To keep competitive advantage over rivals, companies need to constantly reinforce their strategy. This requires maintaining fit across the activities in their value chain and enforcing necessary trade-offs. Together, fit and trade-offs create a system of interconnected activities that is hard for competitors to copy. However, without focus, fit and trade-offs decay over time.
The Role of Strategic Fit
Strategic fit refers to how activities within a company’s value chain enhance each other. The connections create advantages. One activity improves the uniqueness or lowers the cost of another activity. This makes the total system greater than the sum of its parts.
Fit starts with choices that match over time. It develops as interconnections are strengthened. This creates complex systems competitors struggle to replicate. There are several ways companies can maintain fit:
Sustaining fit requires commitment over time. The advantages come from years of reinforcing interconnectivity through decisions large and small.
Why Trade-Offs Matter
Trade-offs mean setting limits. They involve choices to only focus on some product features, activities, or customer groups. Trade-offs arise because of incompatible choices between:
Trade-offs prevent rivals from easily copying a strategic position. Adopting incompatible activities disrupts their own value chains. In order to maintain trade-offs:
Saying no clarifies strategic focus. It blocks competitors from imitation. Trade-offs create lasting systemic advantages.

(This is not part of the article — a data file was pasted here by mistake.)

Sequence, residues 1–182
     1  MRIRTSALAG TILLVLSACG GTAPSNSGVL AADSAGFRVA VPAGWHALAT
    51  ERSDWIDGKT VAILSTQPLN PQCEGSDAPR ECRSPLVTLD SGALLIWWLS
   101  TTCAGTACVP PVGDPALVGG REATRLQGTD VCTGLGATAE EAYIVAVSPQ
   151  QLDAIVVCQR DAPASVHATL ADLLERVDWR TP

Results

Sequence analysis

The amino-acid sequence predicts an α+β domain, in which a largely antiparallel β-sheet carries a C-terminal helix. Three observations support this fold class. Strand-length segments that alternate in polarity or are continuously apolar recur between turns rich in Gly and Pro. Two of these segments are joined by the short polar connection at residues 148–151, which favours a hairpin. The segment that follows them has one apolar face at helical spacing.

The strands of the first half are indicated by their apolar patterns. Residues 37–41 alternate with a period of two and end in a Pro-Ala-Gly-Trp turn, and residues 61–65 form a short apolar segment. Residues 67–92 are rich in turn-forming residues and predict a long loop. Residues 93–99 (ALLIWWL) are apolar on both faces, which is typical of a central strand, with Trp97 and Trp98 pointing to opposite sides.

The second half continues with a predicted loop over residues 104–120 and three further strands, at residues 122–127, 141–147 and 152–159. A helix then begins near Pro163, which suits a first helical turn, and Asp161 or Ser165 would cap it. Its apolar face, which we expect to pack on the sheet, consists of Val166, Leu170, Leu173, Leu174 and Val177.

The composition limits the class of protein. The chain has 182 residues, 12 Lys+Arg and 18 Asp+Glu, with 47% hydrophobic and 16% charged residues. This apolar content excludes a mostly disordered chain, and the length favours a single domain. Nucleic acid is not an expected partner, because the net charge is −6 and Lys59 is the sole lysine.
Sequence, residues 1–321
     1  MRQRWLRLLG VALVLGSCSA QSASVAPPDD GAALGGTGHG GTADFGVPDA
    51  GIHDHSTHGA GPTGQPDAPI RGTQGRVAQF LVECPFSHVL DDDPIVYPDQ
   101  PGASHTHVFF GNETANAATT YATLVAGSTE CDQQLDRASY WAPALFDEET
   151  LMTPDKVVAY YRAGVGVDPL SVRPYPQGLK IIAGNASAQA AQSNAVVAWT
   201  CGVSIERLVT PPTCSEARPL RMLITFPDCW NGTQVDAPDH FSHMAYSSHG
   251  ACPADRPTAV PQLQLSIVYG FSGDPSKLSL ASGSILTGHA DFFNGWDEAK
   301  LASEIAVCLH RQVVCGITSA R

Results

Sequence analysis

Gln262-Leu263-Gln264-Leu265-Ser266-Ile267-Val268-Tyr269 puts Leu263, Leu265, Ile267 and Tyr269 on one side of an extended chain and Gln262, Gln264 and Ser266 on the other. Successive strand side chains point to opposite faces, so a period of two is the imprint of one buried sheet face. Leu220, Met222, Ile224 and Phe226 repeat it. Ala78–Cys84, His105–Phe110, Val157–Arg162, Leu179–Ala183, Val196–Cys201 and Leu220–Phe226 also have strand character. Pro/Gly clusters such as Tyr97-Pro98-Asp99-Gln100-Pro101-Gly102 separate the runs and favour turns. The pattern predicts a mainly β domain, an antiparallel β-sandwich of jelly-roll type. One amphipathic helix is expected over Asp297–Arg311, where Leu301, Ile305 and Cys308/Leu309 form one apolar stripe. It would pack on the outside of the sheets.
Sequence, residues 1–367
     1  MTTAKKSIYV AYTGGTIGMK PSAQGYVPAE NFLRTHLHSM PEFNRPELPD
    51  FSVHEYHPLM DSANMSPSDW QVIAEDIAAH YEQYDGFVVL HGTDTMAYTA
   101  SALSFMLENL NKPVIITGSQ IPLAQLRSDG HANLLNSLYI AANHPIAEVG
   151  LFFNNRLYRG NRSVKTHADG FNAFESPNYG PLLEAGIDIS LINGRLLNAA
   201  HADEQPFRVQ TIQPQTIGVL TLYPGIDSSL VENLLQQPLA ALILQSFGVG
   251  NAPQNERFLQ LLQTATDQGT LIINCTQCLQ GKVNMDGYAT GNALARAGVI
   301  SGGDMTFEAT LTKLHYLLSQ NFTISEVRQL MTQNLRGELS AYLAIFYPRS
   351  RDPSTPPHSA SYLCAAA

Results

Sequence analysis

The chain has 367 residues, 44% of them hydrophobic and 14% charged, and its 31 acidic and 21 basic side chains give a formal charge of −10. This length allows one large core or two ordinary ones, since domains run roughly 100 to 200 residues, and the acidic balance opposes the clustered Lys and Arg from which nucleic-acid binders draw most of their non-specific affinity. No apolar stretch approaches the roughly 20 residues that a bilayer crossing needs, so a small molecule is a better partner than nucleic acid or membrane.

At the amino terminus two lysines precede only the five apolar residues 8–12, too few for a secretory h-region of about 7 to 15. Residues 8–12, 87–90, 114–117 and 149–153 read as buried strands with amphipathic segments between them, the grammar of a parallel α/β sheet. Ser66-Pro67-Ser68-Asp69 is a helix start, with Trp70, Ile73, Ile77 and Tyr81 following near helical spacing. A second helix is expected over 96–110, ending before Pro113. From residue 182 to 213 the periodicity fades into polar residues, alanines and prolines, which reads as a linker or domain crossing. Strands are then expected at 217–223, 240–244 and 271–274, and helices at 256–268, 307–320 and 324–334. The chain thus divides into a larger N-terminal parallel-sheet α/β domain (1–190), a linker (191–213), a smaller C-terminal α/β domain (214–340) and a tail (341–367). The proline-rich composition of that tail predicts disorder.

Reinforcing fit and trade-offs mandates leadership commitment. Without vigilance, fit and trade-offs inevitably weaken. Priorities shift. Resources move to other areas. Maintaining advantage requires revisiting strategic choices again and again.
Leaders must be willing to uphold trade-offs despite internal objections. Short-term gains may be sacrificed, but the long-term payoff is sustainable competitive advantage.
Sustaining competitive advantage is a constant battle. Fit and trade-offs must be reinforced through decisions, investments, and culture. This sustains systemic advantages that cannot easily be matched. It enables continuous improvement over time.
In today’s dynamic business environment, competitive advantages are fleeting without ongoing reinforcement. Leaders must be steadfast in upholding their strategy’s underlying logic. This means continually strengthening fit, enforcing trade-offs, and reinvesting in sources of uniqueness.
Through vigilance and commitment, companies can sustain systemic advantages rooted in a cohesive activity system that competitors struggle to replicate. However, without discipline, fit and trade-offs inevitably decay.
To compete on uniqueness rather than imitation, managers must keep advancing their strategy even after initial success. Reinforcing fit and trade-offs is essential to maintain competitive advantage over the long run.
ABOUT THE AUTHOR(s)
Roland Tannous is managing partner and lead strategy and digital transformation consultant at GravityThink.